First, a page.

Tom Friedman on the "Green Energy" Communication Challenge
Here's what Friedman said (full transcript of interview):
That's what the book is about. The problem is the term "green" was really owned by its opponents. To name something is to own it. The people who named it "green" named it a "liberal, tree-hugging, girlie-man, sissy, unpatriotic, vaguely French!
What I'm out to do in this book is to rename green. Geo-political. Geo-strategic. Geo-economic. Innovative. Competitive. Patriotic. "Green" is the new red, white and blue. Because this is all of those things. To conservatives, I say, "Look, this book is a plan to make America stronger, more energy and nationally secure, more competitive and entrepreneurial, more economically healthy and more respected in the world. (Oh, and by the way, all that stuff Al Gore talks about? We'll take care of that as a by-product!) To liberals and "greens" I say it's a plan to make America greener. (Oh, and by the way, all that stuff Dick Cheney talks about? We'll take care of that as a by-product.)
I'm doing it because I honestly believe this is an issue joining both of those things. It not only does it intellectually, but it must. Because if you don't -- if "green" is owned as a kind of Birkenstock-wearing hippie wine-and-cheese-eating issue and isn't seen as an issue about national security and growth and making American stronger, healthier, more competitive ... then we'll never have scale. Until you have scale on this issue, you really have nothing.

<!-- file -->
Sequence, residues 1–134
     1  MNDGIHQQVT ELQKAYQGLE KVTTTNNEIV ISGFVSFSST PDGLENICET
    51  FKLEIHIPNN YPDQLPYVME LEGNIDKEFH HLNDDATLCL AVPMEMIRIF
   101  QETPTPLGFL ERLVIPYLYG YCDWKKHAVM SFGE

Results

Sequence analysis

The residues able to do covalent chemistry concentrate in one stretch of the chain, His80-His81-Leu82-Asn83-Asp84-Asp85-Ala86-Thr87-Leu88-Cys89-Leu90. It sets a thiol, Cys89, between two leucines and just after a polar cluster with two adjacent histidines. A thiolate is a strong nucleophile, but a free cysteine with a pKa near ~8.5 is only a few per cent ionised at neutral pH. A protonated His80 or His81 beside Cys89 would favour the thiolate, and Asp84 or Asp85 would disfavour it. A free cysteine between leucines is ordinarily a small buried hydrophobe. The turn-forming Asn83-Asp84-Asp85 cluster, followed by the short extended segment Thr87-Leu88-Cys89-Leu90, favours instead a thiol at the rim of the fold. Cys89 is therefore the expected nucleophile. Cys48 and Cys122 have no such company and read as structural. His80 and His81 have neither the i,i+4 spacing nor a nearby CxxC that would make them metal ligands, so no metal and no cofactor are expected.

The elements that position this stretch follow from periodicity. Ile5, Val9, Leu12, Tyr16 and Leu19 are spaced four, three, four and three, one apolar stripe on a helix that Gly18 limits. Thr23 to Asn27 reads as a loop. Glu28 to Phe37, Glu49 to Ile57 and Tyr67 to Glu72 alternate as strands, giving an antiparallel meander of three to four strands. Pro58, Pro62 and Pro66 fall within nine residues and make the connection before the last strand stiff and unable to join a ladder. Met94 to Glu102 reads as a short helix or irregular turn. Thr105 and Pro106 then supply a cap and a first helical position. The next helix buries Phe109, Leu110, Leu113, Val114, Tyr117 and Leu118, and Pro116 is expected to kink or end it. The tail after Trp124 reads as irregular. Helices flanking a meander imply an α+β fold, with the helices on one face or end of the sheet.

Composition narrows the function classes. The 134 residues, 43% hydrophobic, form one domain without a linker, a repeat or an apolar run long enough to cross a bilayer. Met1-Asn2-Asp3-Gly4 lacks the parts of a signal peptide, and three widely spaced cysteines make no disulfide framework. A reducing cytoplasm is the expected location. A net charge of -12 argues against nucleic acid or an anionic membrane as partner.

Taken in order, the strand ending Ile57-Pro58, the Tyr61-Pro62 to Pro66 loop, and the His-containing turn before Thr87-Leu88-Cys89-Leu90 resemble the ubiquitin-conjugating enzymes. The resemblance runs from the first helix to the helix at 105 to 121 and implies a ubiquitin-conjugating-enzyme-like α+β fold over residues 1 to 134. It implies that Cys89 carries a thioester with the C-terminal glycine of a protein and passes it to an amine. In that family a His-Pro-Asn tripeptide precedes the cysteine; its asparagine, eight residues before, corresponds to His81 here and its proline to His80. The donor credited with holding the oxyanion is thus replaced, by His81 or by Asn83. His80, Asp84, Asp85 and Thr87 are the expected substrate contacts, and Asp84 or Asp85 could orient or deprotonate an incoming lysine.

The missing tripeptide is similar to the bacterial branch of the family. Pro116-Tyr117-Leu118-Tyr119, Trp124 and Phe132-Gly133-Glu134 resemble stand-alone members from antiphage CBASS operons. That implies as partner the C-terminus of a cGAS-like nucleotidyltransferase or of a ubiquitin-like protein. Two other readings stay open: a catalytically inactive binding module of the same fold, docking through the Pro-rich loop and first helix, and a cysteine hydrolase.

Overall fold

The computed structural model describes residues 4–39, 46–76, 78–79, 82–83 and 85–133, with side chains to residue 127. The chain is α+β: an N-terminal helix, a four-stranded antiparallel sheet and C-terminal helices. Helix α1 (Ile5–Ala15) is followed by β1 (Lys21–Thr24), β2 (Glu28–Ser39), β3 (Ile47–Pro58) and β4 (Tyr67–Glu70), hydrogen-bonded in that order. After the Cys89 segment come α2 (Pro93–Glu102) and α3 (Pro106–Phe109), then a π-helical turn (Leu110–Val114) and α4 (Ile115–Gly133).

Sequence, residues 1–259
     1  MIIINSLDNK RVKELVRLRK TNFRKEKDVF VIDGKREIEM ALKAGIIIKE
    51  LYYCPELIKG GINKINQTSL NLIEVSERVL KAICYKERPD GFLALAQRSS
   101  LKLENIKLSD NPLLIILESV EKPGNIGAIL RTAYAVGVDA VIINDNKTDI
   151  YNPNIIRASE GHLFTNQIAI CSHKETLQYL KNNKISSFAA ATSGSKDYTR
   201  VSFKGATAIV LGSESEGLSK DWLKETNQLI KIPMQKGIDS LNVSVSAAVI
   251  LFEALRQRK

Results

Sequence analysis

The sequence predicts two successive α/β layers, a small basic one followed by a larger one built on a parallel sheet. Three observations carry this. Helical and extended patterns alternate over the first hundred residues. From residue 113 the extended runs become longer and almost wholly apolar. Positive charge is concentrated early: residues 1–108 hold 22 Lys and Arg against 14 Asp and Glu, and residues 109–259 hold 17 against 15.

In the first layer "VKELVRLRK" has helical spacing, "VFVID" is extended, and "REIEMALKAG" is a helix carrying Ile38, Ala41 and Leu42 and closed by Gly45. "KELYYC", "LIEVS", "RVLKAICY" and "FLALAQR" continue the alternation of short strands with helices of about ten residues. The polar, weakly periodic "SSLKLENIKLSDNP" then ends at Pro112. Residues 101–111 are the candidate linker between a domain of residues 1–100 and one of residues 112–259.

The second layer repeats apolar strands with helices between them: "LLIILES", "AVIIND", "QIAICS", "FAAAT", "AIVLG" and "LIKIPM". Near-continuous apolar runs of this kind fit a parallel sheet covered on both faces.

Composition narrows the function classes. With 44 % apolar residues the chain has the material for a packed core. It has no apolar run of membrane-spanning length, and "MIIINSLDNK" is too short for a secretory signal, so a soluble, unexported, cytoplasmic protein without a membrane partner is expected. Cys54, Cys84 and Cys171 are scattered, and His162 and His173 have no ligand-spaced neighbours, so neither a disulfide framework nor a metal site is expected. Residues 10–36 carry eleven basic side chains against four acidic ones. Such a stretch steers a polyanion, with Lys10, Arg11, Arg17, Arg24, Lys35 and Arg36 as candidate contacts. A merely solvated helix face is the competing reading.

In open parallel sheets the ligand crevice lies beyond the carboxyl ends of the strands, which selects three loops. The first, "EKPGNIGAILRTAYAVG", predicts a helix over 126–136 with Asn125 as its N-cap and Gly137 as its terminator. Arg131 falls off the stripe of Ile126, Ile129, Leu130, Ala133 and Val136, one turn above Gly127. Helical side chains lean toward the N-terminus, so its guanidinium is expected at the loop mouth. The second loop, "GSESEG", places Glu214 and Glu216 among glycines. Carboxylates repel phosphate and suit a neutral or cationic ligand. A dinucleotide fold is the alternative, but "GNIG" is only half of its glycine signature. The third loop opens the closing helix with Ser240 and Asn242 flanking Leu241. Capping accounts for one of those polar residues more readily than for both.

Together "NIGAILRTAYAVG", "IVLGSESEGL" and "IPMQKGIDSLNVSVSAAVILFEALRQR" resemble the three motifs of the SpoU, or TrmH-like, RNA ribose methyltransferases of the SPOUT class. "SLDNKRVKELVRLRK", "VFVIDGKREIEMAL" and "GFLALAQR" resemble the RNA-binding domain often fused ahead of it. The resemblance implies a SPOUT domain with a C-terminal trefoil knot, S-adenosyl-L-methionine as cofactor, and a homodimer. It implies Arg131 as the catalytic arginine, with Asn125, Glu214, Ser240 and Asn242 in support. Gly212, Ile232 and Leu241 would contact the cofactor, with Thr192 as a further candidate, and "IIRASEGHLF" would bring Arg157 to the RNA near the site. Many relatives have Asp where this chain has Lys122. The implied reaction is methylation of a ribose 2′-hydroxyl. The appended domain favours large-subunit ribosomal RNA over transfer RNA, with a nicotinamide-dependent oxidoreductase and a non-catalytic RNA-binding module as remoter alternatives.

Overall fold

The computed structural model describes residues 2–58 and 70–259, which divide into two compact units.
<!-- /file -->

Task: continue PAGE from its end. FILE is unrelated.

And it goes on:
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The 21st century is experiencing an Asianization of politics, business, and culture.
- Our theories about the world, even about history or the geopolitics of the present, tend to be shaped by Anglo perspectives of the Western industrial democracies, particularly those in the United States and the United Kingdom.
- The West, however, is not united. Canada, for instance, acts in many ways that are not in line with American or British policies, particularly in regard to populism. Even if it were united, though, it would not represent most of the world's population.
- European ideas, such as parliamentary democracy and civil service, spread across the world in the 19th century. In the 20th century, American values such as entrepreneurialism went global. In the 21st century, however, what we're seeing now is an Asianization — an Asian confidence that they can determine their own political systems, their own models, and adapt to their own circumstances.
Research has shown that men today have less testosterone than they used to. What's happening?
- Several studies have confirmed that testosterone counts in men are lower than what they used to be just a few decades ago.
- While most men still have perfectly healthy testosterone levels, its reduction puts men at risk for many negative health outcomes.
- The cause of this drop in testosterone isn't entirely clear, but evidence suggests that it is a multifaceted result of modern, industrialized life.
Can sensitive coral reefs survive another human generation?
- Coral reefs may not be able to survive another human decade because of the environmental stress we have placed on them, says author David Wallace-Wells. He posits that without meaningful changes to policies, the trend of them dying out, even in light of recent advances, will continue.
- The World Wildlife Fund says that 60 percent of all vertebrate mammals have died since just 1970. On top of this, recent studies suggest that insect populations may have fallen by as much as 75 percent over the last few decades.
- If it were not for our oceans, the planet would probably be already several degrees warmer than it is today due to the emissions we've expelled into the atmosphere.
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